Almost as important as practicing your response to certain questions or knowing the history of the company you're interviewing with, you want to make sure that first face to face interaction isn't marred by an outfit or accessories that do more harm than good.
Particular emphasis should be put on the accessories aspect of that job interview outfit, particularly the jewelry and watches that you are contemplating wearing. More often than not, your initial reaction to jewelry or watches is the right one.
If something seems inappropriate, chances are you're probably right. Of course, the majority of people know the difference between jewelry that is tasteful or appropriate versus the kind you'd wear to a Halloween party or the type of costume jewelry that only sees the light of day for special occasions.
And that certainly doesn't pertain to a job interview.
As far as basic rules to follow, you certainly have those you can adhere to generally speaking when it comes to watches or jewelry.
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An easy call has to be keeping the classes of jewelry within the same family. That means if you're rocking a gold necklace with a classic black dress, you should steer clear of mixing and matching that with silver.
For guys, you want to follow those same guidelines when it comes to necklaces and watches. The only caveat to that silver and gold rule is the wedding band sported by men. If you have a silver band and a gold watch, that's acceptable.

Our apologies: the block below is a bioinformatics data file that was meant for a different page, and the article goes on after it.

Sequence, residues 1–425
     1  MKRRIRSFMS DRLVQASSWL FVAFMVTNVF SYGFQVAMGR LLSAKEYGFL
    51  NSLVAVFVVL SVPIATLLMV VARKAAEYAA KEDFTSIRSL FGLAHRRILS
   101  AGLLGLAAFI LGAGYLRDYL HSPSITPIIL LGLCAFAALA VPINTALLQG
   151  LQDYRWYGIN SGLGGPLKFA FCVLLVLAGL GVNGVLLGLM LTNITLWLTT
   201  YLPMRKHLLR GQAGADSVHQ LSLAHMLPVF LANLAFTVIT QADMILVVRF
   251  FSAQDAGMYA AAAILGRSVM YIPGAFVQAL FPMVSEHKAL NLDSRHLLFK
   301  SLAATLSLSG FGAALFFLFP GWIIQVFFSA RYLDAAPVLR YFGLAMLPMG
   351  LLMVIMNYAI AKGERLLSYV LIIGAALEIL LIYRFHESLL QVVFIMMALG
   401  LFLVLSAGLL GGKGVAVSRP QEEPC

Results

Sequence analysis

What you don't want is a sleek, sturdy silver watch and a gold necklace that looks like something you would have worn as a teenager in high school.
Another rule of thumb, pertaining mostly to women, is wearing far too much jewelry than you should. This is a case of not so much quality but quantity. You can argue that the excessive necklaces or bracelets is a fashion statement and is incredibly chic and progressive style. Hiring managers quickly frankly don't care about how adept you are at the latest looks. You shouldn't saddle your left and right wrists with dozens of bracelets on each, and the same can be said for wearing too many rings or necklaces.
Keep your job interview look simple and coordinated, and you'll indirectly tell the supervisor or person interviewing you that you're organized. If your overall look is messy and diluted with ridiculous jewelry, you're first impression might be your last chance to secure that job you want.
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